Sunday, July 31, 2011

Don't Be Such a Scientist

A friend recently directed me to a book about writing and communicating science called Don't Be Such a Scientist by Randy Olson. Very interesting, hopefully I've followed much of its advice before reading it. I've always believed that you have to get people interested and excited about a subject before you can start informing them about it.

Wednesday, July 27, 2011

Not everything computers do is good

I've tended to post a rosy view of the impact of computers on society, yet we all know that people can do bad things with computers: design bombs, hack into private data, steal credit cards, even organise atrocities. I'm not unaware of this and my book's penultimate chapter will focus on the darkside of computing: hacking, spam and cyberwar.
The recent shocking events in Norway possibly illustrate how people can become isolated and dangerously deranged through their use of the web. This excellent article in the Guardian newspaper discusses how online anonymity and the effect of the filter bubble can serve to exacerbate a person's tendency towards extreme beliefs. We all hope few people act on these beliefs.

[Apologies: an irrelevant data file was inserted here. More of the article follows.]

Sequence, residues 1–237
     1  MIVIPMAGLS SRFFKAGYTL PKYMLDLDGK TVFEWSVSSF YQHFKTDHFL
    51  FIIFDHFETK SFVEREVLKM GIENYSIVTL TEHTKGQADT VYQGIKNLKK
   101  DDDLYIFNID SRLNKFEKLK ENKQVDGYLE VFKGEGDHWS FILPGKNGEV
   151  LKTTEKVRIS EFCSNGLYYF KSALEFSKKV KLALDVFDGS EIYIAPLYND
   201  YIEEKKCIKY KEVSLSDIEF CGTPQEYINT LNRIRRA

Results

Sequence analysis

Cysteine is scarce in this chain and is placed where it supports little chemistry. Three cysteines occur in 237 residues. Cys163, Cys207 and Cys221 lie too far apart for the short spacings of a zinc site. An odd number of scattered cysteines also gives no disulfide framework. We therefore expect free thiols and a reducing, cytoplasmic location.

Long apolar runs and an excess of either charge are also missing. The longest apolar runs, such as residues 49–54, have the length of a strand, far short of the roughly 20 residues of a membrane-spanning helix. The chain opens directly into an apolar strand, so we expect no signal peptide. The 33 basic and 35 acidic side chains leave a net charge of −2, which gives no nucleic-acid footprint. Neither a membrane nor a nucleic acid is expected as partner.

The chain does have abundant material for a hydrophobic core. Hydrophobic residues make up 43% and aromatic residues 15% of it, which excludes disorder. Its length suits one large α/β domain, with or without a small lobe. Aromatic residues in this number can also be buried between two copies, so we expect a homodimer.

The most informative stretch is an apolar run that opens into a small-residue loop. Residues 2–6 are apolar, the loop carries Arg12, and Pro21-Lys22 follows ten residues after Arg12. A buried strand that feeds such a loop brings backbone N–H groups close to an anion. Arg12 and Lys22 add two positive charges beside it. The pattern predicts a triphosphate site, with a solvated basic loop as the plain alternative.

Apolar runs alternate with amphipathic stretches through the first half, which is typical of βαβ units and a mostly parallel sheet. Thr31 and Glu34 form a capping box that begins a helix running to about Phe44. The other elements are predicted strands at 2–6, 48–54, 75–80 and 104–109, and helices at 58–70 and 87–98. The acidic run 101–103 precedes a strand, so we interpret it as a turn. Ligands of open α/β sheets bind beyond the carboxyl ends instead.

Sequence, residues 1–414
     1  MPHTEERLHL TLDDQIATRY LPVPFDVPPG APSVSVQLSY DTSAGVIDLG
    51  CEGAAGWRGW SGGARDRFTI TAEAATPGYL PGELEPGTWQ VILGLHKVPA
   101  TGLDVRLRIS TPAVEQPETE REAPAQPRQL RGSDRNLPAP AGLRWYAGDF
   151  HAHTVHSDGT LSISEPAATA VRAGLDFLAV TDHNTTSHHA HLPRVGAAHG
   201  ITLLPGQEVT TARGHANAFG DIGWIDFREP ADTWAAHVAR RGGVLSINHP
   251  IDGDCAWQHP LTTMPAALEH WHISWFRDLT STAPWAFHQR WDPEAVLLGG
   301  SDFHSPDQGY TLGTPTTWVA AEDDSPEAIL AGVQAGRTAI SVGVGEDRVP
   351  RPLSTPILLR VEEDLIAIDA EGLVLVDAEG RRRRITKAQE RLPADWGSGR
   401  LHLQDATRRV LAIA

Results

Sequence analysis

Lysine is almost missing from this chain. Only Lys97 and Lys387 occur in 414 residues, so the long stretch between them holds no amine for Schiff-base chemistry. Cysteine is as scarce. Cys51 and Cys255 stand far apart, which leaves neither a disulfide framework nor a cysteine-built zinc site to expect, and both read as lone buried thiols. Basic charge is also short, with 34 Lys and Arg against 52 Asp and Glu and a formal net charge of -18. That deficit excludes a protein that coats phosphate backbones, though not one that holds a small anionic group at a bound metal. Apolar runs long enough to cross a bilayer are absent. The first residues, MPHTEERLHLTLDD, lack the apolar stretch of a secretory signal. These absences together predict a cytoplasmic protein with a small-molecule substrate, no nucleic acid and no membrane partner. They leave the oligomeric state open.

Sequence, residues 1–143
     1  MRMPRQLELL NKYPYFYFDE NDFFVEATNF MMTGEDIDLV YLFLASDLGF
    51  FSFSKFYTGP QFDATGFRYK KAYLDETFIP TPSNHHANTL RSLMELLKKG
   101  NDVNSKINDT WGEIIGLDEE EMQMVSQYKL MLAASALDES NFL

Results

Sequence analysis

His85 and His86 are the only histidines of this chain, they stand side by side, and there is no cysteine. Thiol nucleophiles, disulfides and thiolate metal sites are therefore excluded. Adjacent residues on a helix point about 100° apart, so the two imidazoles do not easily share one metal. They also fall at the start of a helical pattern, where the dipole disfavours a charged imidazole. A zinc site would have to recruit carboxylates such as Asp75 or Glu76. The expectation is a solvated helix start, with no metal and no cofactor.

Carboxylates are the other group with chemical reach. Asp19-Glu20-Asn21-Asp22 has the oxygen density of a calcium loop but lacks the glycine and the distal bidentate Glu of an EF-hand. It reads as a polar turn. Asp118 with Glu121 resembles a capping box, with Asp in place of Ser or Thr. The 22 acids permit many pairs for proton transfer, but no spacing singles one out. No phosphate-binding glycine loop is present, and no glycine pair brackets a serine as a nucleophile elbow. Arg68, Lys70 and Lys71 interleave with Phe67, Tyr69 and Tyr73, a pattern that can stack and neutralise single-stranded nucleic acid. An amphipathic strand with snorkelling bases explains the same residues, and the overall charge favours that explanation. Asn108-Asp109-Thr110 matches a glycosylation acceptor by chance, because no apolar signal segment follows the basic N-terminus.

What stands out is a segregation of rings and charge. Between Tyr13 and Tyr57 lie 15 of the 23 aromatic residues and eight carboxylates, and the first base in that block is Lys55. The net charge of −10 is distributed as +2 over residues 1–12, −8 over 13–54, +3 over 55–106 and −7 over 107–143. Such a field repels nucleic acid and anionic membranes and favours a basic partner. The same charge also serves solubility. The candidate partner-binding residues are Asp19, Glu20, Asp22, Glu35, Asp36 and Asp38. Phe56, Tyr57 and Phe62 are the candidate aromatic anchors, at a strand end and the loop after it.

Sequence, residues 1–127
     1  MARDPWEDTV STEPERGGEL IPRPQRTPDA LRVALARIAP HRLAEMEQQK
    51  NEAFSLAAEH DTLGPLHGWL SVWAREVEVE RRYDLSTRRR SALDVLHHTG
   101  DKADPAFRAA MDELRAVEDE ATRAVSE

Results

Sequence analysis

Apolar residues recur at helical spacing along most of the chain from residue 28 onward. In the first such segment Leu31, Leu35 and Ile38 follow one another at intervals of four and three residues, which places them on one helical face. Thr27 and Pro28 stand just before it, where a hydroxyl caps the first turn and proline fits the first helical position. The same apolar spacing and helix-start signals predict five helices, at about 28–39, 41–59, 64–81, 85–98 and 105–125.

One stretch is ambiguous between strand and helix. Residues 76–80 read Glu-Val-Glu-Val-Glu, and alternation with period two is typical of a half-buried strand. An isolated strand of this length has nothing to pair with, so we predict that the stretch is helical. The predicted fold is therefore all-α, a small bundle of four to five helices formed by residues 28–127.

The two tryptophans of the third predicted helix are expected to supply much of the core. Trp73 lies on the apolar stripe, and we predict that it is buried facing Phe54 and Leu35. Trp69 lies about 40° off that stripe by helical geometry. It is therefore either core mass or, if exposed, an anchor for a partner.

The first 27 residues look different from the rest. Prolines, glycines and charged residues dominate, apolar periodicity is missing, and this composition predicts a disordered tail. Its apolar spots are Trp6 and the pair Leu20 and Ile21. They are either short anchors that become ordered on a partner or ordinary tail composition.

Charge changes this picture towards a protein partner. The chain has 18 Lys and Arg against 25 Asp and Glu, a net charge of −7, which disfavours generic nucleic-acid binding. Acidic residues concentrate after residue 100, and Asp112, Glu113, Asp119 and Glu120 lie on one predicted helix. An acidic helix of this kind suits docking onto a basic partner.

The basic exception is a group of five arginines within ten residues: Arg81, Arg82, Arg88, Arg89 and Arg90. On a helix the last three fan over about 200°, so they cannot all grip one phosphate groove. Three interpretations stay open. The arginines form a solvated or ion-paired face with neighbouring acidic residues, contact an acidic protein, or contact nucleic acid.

Monday, July 18, 2011

Steve Jobs Keynote

I was watching Steve Job's keynote speech at Macworld in 2007 yesterday researching for the book. This was the public unveiling of the iPhone. It was really interesting to compare what he said then with what happened with regard to the iPhone and to listen to the audiences' amazed reaction to demos of things like scrolling and the pinch and zoom control on the iPhone. At one point Jobs quotes Alan Kay, who used to work at Xerox Parc and was responsible (with others) for the development of the original GUI that was the inspiration for the Macintosh, Kay said “People who are really serious about software should make their own hardware.” It seems like Jobs certainly took that advice to heart. I recommend watching this keynote if you've got a spare hour or so. You can find it in the iTunes store (free), search for "Apple keynote" and I expect it's on YouTube.

Sunday, July 10, 2011

My mother at Bletchley Park

My 83 year old mother back in England just sent me a postcard from Bletchley Park, the famous "Station X" where Alan Turing (and many others) worked during WWII to crack the German Enigma machine codes. I'll be visiting there in September as a tour from a conference I'm attending in London - looking forward to it.